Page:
Discovering Peoli: A Craft Enterprise in the Himalayas

Images: Shine Bhola

Shubhangi Kothari travels to the Himalayas to visit a social enterprise and design studio working to empower local women while preserving traditional handicraft techniques. She shares her discoveries along the way.

Travelling from west to north India through the humid forests of Corbett National Park, I found myself amazed at the stark contrast that this verdant region offers compared to the sights of the over-populated and polluted cities we crossed earlier. Fresh air and limitless lines of bamboo, sal, khair and sissoo trees were a welcome antitheses to the suffocating atmosphere created by the factories and landfill mountains that we passed in Noida.

While plastic waste and pollution from vehicles and factories are perhaps the most obvious polluters, we often forget that the very clothes we wear also have a tremendous environmental impact. Short fashion cycles, irresponsible manufacturing, and the ready-availability of cheap and ephemeral clothes have colossal environmental consequences. Lately, fashion has been at the forefront of the ‘sustainability’ conversation and I have found inspiration in the way the industry is trying to negate its effect on the environment. The ideas of ‘natural fabrics’ and ‘slow fashion’ are taking root in consumers’ minds – especially for millennials and Gen-Z.

To me, slow fashion is inextricably linked with the traditional handicraft industry where garments and accessories are produced by human hands using natural materials, often unaided by machines. This not only makes the production process unrushed and gentle, but also adds a unique character to each product that an artisan creates. Taking flight from my belief, I have started a journey to understand how these handicraft techniques can contribute to the fashion industry’s concept of ‘sustainability.’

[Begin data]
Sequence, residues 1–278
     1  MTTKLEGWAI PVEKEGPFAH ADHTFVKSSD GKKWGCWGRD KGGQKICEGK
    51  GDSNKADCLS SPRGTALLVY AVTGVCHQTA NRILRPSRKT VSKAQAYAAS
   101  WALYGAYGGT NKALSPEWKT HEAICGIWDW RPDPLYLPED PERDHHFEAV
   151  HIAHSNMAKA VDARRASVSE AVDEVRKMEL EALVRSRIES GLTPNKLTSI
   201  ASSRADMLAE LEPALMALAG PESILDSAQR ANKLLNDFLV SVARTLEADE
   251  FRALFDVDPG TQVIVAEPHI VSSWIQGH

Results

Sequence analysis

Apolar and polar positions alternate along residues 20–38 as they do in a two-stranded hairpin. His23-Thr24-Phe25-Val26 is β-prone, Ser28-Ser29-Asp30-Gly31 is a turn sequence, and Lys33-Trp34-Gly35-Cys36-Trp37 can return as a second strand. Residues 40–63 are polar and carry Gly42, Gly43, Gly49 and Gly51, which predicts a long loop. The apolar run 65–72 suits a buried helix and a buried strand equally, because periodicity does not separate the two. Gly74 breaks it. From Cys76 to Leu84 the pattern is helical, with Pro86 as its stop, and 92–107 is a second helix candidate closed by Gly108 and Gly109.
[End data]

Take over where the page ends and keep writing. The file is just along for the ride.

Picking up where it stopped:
My explorative journey began in Almora on the southern ridge of Kumaon Hills of the Himalayan Range. As the cultural capital of the region, the town is popular for its cultural heritage and unique handicrafts. What was once home to hundreds of deodar trees is today, in the name of development, overrun by malls, theatres, hotels and the like. Like the rest of the planet, this region is facing first hand the repercussions of climate change. Frequent forest fires, erratic weather patterns, increasing temperatures and depleting natural resources have adversely affected not only the biodiversity but also the very survival of the natives. Not being able to pursue their original livelihood, Almora and the villages around it have seen their population migrating to bigger citiesin search of work – leaving behind a string of ghost villages.